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Ballet Talk for Dancers

Saut de basque


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I am obsessed with the idea of being able to do a double saut de basque all of a sudden. Right now that seems totally out of reach for me (I fully figured out the regular kind about 2 months ago), but was wondering how one works up to a jump like that in theory, and what the prepatory jumps/etc are.


Or in fact do you just go for it and fall over a couple times?


Edited to add:

I do have the bonus of pretty huge elevation, by the way. I assume that helps!

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For a female dancer, a really high and open and clean single saut de Basque is a very nice jump. A double is generally not.

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That is really interesting Ms Leigh, thanks for another bit of information! Now I am curious as to why though. In general I wonder about those "not for women because it's traditional" things, and maybe trying to figure out the rational behind this one will help. I understand lots of the "not for men because it's traditional" (like pas de bouree pique for example) intuitively, but not the strictures for women.


(Of course, I only want to do them because it seems like they would be extremely fun.)

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I say go for it. I'd be excited to see a double saut de basque from a woman on stage. I remember how blown away I was when the Cubans toured here. They really push the envelope with thier technique and it was very fun to watch. The one woman who I've seen with truely exeptional elevation is Erica Cornejo (Herman's older sister) from ABT. She makes some of the men from ABT look like they barely leave the ground. Her gigantic leaps are very pretty, feminine, and light. Use your strengths!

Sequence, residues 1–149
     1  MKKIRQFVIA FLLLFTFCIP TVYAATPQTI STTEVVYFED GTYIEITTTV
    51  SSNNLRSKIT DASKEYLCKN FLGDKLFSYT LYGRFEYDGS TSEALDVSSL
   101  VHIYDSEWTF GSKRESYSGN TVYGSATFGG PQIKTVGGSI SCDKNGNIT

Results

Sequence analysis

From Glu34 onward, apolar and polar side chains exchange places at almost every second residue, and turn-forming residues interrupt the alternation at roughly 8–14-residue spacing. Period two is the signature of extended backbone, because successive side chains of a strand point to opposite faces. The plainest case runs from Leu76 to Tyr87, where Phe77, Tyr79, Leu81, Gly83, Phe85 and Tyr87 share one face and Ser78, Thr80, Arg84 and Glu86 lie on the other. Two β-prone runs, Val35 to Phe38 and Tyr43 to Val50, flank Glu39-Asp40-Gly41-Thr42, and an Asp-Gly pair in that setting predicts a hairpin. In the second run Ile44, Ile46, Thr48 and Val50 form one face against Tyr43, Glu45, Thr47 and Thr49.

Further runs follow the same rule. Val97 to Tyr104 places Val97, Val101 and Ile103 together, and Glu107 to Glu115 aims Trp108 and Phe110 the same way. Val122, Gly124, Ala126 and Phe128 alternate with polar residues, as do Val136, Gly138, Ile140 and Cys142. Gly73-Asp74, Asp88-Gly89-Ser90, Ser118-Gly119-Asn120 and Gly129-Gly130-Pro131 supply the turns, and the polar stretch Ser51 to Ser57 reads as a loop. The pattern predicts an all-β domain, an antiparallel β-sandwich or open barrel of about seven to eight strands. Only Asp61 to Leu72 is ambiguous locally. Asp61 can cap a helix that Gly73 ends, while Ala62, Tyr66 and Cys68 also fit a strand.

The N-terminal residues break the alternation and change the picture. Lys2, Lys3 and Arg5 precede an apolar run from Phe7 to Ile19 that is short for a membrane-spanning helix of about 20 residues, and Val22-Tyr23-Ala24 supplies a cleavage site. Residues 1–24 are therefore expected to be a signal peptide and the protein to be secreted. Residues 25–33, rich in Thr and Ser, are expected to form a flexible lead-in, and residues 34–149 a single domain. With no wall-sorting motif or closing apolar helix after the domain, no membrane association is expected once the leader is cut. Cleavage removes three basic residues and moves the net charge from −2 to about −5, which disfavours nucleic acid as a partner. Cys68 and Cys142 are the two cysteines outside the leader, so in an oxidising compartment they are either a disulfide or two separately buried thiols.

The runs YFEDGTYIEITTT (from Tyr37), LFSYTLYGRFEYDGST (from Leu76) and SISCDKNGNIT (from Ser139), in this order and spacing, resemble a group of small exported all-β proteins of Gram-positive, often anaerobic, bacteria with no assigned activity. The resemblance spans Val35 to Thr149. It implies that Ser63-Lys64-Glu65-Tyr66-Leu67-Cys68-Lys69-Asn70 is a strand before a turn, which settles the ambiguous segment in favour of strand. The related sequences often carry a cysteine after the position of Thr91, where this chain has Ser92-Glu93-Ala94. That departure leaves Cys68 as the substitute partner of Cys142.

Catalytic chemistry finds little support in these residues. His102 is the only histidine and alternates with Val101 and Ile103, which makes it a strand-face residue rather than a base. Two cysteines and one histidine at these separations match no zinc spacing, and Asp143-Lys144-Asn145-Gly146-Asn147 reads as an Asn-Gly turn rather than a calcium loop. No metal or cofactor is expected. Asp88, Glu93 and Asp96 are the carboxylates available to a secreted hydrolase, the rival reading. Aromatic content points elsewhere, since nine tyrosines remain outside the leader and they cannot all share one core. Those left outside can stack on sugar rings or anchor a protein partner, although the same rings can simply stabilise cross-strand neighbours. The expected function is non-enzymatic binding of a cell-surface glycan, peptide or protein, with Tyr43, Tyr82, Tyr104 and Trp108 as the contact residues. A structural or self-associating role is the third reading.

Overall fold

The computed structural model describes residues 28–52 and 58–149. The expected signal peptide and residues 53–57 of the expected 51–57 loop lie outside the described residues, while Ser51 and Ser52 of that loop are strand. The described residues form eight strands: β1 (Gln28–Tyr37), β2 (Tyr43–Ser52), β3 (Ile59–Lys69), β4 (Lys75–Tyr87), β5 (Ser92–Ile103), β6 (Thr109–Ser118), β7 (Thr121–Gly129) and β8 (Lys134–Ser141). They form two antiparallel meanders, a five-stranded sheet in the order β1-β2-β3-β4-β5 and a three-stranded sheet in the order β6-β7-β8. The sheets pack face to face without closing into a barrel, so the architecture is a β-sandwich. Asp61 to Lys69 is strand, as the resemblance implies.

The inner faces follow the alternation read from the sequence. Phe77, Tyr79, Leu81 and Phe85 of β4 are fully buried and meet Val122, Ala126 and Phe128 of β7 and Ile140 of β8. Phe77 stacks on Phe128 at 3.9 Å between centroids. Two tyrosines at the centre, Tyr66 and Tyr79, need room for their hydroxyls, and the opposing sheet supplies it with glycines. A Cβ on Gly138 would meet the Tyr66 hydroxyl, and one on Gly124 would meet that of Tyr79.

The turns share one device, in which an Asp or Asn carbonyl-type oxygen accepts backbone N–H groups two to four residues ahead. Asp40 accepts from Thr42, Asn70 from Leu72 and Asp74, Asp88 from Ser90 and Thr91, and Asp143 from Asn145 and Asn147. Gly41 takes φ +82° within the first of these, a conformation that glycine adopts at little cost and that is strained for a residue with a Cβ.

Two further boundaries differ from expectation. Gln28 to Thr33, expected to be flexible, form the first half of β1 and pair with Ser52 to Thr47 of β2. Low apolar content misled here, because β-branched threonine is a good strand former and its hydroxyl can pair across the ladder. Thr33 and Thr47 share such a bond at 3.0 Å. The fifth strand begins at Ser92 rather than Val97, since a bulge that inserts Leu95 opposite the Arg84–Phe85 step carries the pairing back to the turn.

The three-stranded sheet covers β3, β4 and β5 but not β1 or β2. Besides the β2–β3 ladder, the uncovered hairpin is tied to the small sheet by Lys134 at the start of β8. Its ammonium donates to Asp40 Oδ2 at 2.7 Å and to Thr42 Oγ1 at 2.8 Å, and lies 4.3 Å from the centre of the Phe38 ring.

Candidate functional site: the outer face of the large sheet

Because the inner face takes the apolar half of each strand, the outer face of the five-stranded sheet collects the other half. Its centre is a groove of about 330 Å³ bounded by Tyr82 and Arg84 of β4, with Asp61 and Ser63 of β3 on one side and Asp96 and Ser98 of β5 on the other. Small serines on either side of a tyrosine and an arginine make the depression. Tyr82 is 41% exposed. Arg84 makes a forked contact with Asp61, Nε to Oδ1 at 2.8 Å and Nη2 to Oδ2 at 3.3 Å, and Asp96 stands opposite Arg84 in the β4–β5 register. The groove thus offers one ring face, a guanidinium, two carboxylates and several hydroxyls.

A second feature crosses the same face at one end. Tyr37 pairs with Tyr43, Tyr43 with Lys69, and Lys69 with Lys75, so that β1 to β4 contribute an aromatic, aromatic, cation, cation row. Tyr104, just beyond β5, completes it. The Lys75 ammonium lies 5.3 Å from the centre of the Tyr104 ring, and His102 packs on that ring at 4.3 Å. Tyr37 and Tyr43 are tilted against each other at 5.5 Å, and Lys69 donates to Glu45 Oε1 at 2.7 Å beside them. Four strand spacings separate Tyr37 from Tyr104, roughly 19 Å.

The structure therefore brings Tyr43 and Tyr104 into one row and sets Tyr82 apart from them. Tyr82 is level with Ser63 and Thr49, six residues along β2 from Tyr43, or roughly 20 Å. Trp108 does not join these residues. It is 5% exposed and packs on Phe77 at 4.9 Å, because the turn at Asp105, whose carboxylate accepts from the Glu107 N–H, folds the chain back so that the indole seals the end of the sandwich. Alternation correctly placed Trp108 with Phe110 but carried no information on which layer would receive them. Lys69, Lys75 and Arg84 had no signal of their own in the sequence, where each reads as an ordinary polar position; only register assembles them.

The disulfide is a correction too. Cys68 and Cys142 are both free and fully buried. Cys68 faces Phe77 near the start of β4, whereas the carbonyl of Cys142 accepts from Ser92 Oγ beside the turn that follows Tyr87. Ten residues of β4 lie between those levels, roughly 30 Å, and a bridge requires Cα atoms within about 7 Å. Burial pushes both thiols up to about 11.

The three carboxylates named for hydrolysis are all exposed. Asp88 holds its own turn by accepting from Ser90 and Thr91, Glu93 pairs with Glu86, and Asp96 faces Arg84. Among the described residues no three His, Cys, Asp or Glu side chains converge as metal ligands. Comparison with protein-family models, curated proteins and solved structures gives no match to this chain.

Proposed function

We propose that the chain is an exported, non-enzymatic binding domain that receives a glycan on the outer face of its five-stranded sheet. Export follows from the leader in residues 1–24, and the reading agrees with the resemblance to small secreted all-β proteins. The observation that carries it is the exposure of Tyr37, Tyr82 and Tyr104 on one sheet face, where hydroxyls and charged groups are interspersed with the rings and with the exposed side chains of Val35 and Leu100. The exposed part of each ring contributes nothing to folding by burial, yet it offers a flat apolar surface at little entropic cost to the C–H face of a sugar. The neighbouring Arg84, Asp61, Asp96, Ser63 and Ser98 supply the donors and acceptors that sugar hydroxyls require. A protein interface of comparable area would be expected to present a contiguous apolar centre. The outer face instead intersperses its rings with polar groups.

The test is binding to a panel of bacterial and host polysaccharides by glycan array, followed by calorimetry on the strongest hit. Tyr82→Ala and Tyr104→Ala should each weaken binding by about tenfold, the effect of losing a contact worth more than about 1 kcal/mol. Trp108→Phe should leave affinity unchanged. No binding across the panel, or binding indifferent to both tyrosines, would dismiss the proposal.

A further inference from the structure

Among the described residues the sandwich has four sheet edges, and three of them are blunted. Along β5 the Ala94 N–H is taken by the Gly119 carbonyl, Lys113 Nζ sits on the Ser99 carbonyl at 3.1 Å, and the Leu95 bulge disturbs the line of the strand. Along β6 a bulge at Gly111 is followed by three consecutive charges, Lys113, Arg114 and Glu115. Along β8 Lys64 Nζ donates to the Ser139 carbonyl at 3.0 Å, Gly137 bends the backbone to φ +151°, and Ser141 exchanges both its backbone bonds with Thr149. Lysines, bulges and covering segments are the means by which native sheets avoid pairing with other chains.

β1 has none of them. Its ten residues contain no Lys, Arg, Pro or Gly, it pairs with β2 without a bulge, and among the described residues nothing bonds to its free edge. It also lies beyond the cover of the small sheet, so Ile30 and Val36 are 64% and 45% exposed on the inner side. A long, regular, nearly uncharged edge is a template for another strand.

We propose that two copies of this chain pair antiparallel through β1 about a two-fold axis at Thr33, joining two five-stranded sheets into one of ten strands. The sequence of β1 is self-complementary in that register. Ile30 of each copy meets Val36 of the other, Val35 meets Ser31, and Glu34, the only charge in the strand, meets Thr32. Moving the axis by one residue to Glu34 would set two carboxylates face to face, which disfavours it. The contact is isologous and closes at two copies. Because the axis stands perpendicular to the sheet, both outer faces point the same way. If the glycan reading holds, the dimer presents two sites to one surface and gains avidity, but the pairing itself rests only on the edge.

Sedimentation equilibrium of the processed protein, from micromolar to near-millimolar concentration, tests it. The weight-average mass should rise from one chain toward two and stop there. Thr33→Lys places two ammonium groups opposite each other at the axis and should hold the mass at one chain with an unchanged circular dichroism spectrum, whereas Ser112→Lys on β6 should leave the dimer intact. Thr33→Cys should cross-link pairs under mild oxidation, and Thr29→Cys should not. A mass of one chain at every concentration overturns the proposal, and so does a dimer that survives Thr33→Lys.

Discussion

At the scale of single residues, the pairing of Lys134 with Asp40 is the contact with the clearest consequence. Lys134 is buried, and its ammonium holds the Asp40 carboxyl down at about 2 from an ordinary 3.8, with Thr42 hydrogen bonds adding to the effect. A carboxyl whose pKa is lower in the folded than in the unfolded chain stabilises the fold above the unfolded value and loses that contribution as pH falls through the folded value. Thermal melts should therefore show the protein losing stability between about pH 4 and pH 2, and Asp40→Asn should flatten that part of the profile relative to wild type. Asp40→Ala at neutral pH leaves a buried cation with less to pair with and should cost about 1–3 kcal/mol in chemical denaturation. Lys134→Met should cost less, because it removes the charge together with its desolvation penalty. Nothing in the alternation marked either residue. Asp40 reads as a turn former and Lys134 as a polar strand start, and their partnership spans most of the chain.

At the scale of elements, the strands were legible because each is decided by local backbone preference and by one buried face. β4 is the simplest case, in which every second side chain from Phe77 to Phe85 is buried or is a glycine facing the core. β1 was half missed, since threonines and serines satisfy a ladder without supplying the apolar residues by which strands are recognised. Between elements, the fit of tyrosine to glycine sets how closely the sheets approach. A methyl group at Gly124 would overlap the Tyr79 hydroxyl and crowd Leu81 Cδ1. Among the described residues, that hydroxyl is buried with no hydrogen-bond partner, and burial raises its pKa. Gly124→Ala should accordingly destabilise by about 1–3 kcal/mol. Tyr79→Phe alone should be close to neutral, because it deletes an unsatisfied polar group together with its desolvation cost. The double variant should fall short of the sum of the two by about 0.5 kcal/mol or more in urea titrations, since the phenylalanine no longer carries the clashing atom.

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There was a time when it was "traditional" for the ballerina to do double saut de basques in Balanchine's "Ballet Imperial".

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  • 2 weeks later...

Gisella Caccialanza (Lew Christensen's wife) was one of the original principals in Ballet Imperial. If there were double saut de basques, Gisella executed them. She was Enrico Cechetti's last protege. Gisella could really jump! She created the third movement principal in Balanchine's "Symphony in C" (which has the double saut de basques). Gisella also created the "Waltz Girl" in Balanchine's "Serenade". She was one of the most gracious, sweetest persons I have ever met...

Edited by Gina Ness
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